Visa has complained to the United States government against the Indian government’s favoritism for indigenous rival RuPay. This is the second complaint after MasterCard also complained against RuPay, Reuters reported.
Besides favoritism, the payments giant has also raised the issue of data localization.
Origin & Success of Rupay
RuPay card came into origin in the year 2012. At that time the market share of the card was merely 0.6%. However, it suddenly acquired a substantial share in the market after the Narendra Modi government made RuPay cards compulsory for all Jan Dhan Yojan bank accounts in 2014.
Another reason for Rupay’s success was lowering the financial burden on Indian banks that came from any association with MasterCard or Visa, as these companies used to charge high money for the transactions. RuPay solved the problem.
The Reserve Bank of India (RBI) released a press statement on 5th April 2018 titled “Statement on Development and Regulatory Policies”, stressing the need for data localization. It said:
“It is observed that at present only certain payment system operators and their outsourcing partners store the payment system data either partly or completely in the country. In order to have unfettered access to all payment data for supervisory purposes, it has been decided that all payment system operators will ensure that data related to payment systems operated by them are stored only inside the country within a period of 6 months.”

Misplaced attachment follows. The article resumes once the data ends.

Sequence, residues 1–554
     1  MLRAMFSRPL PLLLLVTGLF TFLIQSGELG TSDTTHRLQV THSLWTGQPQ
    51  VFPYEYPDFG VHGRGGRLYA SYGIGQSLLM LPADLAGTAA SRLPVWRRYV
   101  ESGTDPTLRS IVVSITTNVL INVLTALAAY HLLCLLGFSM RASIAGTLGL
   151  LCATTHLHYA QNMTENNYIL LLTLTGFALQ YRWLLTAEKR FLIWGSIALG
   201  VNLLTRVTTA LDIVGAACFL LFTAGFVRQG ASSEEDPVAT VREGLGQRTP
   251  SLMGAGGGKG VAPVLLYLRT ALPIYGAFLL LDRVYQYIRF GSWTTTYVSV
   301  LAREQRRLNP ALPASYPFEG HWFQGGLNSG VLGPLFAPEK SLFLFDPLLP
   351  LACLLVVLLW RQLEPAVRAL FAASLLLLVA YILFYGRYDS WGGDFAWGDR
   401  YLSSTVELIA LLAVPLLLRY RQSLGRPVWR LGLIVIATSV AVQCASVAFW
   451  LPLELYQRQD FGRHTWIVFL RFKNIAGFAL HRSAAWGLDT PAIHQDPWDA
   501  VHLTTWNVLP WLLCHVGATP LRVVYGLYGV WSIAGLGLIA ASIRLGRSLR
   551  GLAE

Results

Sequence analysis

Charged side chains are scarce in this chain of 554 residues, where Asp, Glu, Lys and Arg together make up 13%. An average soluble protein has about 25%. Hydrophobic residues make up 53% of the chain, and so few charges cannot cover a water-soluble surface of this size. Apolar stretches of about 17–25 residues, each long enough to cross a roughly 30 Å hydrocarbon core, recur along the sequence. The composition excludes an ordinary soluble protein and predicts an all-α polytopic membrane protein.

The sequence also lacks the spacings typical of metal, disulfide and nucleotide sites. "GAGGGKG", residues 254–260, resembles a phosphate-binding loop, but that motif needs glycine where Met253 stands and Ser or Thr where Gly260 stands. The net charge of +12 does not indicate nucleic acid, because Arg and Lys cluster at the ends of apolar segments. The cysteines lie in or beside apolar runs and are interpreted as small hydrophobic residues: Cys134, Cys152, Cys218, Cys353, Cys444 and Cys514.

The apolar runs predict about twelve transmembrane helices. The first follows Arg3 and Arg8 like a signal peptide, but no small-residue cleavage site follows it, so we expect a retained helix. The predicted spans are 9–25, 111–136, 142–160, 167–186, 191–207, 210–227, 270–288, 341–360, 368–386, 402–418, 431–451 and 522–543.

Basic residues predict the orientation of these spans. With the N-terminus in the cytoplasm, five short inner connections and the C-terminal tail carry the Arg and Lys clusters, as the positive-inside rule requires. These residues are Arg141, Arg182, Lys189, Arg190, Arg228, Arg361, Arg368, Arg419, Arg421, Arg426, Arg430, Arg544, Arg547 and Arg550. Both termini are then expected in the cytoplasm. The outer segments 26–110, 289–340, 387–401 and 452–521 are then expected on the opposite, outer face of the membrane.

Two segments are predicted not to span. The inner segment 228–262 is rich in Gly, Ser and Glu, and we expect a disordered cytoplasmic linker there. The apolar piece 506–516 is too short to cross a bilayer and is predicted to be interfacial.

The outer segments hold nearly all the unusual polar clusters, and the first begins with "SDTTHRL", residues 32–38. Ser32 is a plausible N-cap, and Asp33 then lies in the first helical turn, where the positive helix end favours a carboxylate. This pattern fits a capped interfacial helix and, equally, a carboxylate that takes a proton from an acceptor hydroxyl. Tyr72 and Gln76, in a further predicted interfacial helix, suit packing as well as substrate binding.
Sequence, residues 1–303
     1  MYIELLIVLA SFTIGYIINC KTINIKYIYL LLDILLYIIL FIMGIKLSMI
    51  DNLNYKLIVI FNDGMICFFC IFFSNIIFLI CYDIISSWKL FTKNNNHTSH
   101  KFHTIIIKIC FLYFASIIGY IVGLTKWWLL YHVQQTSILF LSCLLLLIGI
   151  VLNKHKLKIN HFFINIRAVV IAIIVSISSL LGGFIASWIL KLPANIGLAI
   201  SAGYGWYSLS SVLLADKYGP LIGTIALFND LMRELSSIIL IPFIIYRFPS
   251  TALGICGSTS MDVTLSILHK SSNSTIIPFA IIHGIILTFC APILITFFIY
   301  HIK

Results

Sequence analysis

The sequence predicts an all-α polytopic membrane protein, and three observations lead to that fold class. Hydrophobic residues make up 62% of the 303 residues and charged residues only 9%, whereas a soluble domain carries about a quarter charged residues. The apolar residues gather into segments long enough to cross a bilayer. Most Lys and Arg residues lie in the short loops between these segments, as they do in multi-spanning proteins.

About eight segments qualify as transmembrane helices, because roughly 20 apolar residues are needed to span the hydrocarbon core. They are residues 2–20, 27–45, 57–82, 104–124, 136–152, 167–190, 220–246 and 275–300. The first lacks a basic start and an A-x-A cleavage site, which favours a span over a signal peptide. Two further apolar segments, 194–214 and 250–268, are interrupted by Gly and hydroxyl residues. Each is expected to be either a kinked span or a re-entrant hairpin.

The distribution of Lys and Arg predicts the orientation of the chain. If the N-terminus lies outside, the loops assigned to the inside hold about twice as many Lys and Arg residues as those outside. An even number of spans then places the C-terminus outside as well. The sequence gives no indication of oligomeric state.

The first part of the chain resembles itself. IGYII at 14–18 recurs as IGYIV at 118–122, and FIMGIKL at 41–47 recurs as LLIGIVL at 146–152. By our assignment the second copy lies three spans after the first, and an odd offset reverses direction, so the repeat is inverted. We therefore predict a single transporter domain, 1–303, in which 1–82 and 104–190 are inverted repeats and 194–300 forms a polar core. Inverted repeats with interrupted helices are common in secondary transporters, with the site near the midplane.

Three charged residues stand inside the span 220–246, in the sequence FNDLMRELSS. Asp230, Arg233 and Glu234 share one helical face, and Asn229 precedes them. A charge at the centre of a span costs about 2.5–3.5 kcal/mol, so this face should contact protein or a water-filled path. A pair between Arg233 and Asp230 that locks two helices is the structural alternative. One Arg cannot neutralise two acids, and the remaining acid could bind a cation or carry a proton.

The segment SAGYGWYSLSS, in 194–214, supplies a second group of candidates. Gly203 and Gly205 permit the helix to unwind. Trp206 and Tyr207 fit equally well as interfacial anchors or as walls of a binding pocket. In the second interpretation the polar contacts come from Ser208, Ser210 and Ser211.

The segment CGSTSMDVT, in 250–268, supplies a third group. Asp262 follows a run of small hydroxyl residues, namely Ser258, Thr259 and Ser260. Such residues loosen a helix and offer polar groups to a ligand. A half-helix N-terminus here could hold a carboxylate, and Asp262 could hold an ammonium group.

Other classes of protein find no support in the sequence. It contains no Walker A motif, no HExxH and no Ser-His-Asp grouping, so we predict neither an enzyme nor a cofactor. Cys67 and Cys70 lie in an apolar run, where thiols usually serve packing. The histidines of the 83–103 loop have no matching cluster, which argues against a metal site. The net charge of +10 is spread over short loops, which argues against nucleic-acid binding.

The Central Bank then issued a circular the very next day, titled ‘Storage of Payments Systems Data‘. These guidelines mandate companies to store data of transactions, purchases, orders, and customer information in a system ‘within India’. After compliance, companies must notify the RBI. Besides, they also had to send a Board-approved System Audit Report (SAR) performed by a CERT-In empaneled auditor.
A violation of the policy invites a penalty of not more than Rs. 5 lakhs. If the default is continuous, then a penalty of Rs. 25 thousand shall be imposed on a daily basis according to section 30 of the Payment and Settlement Systems Act, 2007.
The Reserve Bank of India (RBI) has already imposed restrictions on Mastercard due to violation of these rules. The company has not been able to onboard new domestic customers since July 22, 2021.
Foreign entities claim that most of their processing is centralised. Hence, reorganizing worldwide operations and establishing a separate hub in India is not viable.